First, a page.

Connecticut’s Long-Running Drought Declared Over By Federal Experts
More than 24 percent of the state state, in a swath stretching across the mid-section of Connecticut and including most of Hartford County, is still listed as "abnormally dry by federal experts.
Last week, U.S. Drought Monitor scientists considered almost one-quarter of Connecticut to still be suffering from "moderate drought" conditions.
"A cool and wet week allowed for improvements to the remaining areas of drought and dryness in the region," the climate experts reported Thursday.
"There are still some indicators of long-term dryness in the region, but the most recent wet pattern has eliminated all drought concerns for the time being."
A working group of Connecticut state agencies last week lifted the drought watch that it has issued in October 2016 when the lack of rainfall was causing serious concerns about low levels in drinking water reservoirs.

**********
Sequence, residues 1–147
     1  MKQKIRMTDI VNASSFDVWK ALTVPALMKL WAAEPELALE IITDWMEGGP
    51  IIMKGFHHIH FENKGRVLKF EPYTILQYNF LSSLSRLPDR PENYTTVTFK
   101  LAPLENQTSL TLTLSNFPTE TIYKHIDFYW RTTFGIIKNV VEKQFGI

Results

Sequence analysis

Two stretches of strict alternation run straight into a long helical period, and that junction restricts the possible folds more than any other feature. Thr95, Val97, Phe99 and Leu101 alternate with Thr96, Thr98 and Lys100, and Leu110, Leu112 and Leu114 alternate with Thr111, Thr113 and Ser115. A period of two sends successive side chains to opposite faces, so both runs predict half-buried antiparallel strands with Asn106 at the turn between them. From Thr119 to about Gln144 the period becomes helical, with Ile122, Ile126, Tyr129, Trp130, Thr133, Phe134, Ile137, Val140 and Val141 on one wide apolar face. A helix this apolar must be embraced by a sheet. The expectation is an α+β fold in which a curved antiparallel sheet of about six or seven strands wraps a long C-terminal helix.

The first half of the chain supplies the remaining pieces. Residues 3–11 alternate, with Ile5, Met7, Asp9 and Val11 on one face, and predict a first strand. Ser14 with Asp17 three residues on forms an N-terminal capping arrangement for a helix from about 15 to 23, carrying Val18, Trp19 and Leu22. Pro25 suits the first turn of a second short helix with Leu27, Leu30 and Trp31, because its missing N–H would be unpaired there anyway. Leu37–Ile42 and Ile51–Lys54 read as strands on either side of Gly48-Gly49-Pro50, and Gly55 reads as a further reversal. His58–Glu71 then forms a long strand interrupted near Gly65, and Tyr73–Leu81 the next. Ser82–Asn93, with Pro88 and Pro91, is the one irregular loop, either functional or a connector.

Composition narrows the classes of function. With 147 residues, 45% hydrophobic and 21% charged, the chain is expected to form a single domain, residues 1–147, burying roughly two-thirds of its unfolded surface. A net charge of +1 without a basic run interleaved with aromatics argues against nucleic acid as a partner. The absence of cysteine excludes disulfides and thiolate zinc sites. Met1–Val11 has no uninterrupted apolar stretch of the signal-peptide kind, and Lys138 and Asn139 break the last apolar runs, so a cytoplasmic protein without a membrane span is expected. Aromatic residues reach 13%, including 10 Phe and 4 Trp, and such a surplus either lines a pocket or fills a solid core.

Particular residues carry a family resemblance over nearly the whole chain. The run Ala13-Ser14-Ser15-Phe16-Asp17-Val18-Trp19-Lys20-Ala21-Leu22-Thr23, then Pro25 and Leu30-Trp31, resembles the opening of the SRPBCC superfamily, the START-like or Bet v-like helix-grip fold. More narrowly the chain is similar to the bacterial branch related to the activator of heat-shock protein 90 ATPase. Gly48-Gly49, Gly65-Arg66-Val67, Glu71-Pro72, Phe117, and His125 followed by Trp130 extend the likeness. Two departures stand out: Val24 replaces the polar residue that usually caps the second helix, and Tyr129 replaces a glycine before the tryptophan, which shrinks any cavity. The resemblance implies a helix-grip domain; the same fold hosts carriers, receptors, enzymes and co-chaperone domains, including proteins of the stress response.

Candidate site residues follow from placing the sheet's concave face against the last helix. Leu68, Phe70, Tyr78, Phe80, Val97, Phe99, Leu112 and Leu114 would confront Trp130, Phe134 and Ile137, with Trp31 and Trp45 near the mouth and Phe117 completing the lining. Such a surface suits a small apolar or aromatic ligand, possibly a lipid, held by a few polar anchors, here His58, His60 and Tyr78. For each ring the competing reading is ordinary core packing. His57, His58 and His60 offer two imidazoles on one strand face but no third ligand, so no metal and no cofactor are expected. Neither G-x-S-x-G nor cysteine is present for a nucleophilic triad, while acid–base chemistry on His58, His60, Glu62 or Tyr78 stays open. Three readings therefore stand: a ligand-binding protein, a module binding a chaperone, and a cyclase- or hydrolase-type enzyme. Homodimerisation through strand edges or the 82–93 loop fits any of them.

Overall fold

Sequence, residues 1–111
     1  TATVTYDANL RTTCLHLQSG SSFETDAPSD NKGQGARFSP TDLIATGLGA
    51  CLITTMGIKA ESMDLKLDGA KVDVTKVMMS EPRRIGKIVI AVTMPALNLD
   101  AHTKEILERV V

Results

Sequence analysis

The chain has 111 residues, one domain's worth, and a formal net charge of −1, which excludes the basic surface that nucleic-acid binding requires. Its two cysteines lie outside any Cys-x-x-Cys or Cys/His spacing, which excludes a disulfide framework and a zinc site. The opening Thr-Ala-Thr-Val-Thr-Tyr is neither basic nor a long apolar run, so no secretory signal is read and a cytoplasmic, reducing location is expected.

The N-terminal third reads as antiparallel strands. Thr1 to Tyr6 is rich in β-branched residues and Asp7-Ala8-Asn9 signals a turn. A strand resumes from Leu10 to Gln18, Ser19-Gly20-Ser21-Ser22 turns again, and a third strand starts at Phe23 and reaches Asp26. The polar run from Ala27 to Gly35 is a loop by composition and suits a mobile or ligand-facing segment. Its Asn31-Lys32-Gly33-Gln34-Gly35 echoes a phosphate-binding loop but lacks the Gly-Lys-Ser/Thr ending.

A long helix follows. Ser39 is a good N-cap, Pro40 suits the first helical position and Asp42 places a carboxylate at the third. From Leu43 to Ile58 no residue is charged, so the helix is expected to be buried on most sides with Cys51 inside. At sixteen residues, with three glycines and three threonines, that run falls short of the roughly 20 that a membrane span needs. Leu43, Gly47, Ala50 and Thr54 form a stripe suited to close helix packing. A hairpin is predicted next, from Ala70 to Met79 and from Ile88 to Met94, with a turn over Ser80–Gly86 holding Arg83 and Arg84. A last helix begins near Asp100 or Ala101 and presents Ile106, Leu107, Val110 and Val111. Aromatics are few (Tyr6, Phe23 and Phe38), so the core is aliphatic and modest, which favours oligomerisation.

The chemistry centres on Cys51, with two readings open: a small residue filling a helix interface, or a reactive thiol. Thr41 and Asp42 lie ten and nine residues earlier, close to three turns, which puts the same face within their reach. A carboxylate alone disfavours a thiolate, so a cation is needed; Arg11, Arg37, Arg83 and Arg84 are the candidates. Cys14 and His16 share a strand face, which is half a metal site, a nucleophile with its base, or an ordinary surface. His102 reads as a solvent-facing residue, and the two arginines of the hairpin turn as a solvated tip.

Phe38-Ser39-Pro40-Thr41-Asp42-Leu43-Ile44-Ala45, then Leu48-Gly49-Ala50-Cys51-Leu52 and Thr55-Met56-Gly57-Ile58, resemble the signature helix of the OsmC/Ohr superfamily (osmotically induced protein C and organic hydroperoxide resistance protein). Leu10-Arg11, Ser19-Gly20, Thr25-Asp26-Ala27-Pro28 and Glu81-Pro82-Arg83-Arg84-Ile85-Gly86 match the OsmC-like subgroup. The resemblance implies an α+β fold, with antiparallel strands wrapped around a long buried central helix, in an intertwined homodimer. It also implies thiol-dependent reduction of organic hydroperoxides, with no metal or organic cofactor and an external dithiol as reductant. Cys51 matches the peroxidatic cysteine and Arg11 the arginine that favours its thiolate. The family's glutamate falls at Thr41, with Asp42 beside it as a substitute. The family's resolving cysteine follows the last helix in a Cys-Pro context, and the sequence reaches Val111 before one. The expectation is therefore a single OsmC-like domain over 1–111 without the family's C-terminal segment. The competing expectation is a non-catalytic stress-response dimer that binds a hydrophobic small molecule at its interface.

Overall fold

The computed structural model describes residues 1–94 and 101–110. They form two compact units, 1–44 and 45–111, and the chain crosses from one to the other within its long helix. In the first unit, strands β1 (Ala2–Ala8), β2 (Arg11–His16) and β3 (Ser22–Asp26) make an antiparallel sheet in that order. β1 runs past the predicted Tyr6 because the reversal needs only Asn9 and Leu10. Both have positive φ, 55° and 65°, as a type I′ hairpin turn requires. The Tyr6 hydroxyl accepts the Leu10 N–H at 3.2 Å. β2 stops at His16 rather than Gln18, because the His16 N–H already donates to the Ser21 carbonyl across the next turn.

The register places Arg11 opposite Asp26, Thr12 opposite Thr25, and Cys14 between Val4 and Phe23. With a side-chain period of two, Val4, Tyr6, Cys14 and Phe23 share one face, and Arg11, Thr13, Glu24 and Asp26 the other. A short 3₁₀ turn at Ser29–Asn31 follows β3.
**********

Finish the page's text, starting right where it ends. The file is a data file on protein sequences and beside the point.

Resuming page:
Numerous communities and water companies around the state issued voluntary – and some mandatory – water use restrictions.
The only exception is the New London Water Department, which listed its reservoir at 89 percent of normal.
Similar drought advisories were issued by the state in 2002, 2007 and 2010.
NWS monitors at Bradley International Airport showed precipitation there was more than 13 inches below normal for all of 2016.
The drought had all sorts of major impacts on agricultural crops in this state.